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Development of a multivariable improvement measure for gout



Gout is a heterogeneous inflammatory disease with numerous clinical manifestations. A composite means to assess the impact of therapy on numerous aspects of gout could be useful.


Results from patients treated with pegloticase or placebo in two randomized clinical trials and their open-label extension were assessed using a novel evidence-based Gout Multivariable Improvement Measure (GMIM) derived from previously reported criteria for remission and complete response. Improvement was defined as serum urate (sU) < 6 mg/dL and absence of flares during the preceding 3 months plus 20, 50, and 70% improvement in tophus size, patient global assessment, pain, and swollen and tender joints.


Patients treated with pegloticase manifested a significantly greater GMIM20, 50, and 70 response vs those treated with placebo (GMIM20 at 6 months 37.1% vs 0%, respectively). Higher response rates were significantly more frequent in subjects with persistent urate lowering (GMIM 58.1% at 6 months) in response to pegloticase versus those with only transient urate lowering (GMIM 7.1% at 6 months). However, when the requirement for a decrease in sU to < 6 mg/dL was omitted, a substantial percentage of subjects with transient urate lowering met the GMIM clinical criteria. A sensitivity analysis indicated that gout flares contributed minimally to the model. The response measured by GMIM persisted into the open-level extension for as long as 2 years. Finally, subjects who received placebo in the randomized control trials, but pegloticase in the open-label extension, manifested GMIM responses comparable to that noted with pegloticase-treated subjects in the randomized controlled trials.


GMIM captures changes in disease activity in response to treatment with pegloticase and may serve as an evidence-based tool for assessment of responses to other urate-lowering therapies in gout patients.

Key messages

What is already known about this subject?

  • A Gout Activity Score (GAS) has been proposed, but its utility in clinical trials has not been documented.

  • Tools to assess response to gout treatment are needed.

What does this study add?

  • A new Gout Multivariable Improvement Measure (GMIM) was developed based on evidence from previous clinical trials.

  • The GMIM captures both biochemical and clinical information and is sensitive to change.

How might this impact on clinical practice or future developments?

  • The GMIM may provide a means to assess clinical benefit of urate-lowering therapy in clinical trials and medical care.


Inflammatory rheumatic diseases are generally multifaceted disorders, and the complex pathology underlying these conditions makes it difficult to assess patient status and the efficacy of therapy with a single representative outcome measure [1]. The lack of a single gold standard for patient monitoring has prompted the development of composite measures for many rheumatic diseases [2], and there are well-established indices for rheumatoid arthritis [3, 4], psoriatic arthritis [5,6,7], systemic lupus erythematosus [8,9,10], ankylosing spondylitis [11], osteoarthritis [12, 13], and fibromyalgia [14].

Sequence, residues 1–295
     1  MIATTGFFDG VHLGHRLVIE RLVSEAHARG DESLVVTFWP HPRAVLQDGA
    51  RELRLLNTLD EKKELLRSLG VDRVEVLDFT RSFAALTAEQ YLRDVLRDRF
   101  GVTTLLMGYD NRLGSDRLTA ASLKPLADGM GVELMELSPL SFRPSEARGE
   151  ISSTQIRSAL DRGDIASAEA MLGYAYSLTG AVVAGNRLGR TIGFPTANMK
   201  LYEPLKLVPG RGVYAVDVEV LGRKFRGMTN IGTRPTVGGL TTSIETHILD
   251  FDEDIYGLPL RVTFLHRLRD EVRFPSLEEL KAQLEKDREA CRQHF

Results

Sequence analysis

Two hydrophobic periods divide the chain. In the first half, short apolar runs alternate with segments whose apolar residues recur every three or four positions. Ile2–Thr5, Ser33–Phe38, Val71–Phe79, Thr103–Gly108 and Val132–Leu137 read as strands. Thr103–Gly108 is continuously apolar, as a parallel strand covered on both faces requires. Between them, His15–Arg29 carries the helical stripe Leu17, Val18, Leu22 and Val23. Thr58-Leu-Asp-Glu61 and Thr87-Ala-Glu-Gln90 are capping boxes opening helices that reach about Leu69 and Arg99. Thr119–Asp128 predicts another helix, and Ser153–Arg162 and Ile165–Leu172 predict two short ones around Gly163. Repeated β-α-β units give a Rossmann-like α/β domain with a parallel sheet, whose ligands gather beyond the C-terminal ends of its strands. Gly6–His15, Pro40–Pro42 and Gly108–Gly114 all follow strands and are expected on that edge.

Gout is also a multifactorial inflammatory disease. Even though the cause of gout, namely hyperuricemia, is known, patients experience a wide range of symptoms, including severe pain, acute and persistent inflammatory arthritis, tophi, and disability associated with both flares and chronic disease [15, 16]. Moreover, the spectrum of disease changes with time [17, 18]. It has been recommended that multiple domains should be evaluated when assessing effects of treatment for gout [19, 20]. Although assessment of urate-lowering therapy (ULT) for this disease has focused primarily on the ability to lower serum urate (sU) and decrease in the frequency of flares [21,22,23,24,25], some trials have included additional endpoints to address effects of treatment on pain, arthritis, and disability [26, 27].

The overall goal of ULT is the dissolution of all urate deposits and the prevention of new deposits from occurring. Although it is assumed that this occurs when the sU level is maintained at a level < 6 mg/dL, there is no direct means other than imaging modalities to assess this. Therefore, there is the general recognition that assessment of ULT and other treatments for gout could be facilitated by endpoints that more closely reflected the multidimensional effects of urate deposition. This has prompted multiple groups to propose composite measures aimed at this goal. Over a decade ago, an Outcome Measures in Rheumatology (OMERACT) special interest group proposed core domains for interventional studies in chronic gout that included sU, gout flare recurrence, tophus regression, joint damage imaging, health-related quality of life, musculoskeletal function, patient global assessment (PGA), ability to participate in usual activities, and safety and tolerability [28]. Since that time, there have been multiple discussions regarding the domains most important for inclusion in a composite measure for use in clinical trials of advanced gout [29]. These measures are generally aimed at determining the patient’s status at a given point in time rather than providing a change score that captures response to treatment over time. Despite very high interest and intensive deliberation, development and testing of composite measures for either acute or advanced gout has been very limited. A composite index for evaluation of treatments for acute gout has been developed [30], and a composite Gout Activity Score (GAS) has been shown to be sensitive to change and to have predictive validity with a correlation to the domains of the Gout Impact Scale (GIS) [31, 32]; however, these composite measures have not been tested in trials of ULT.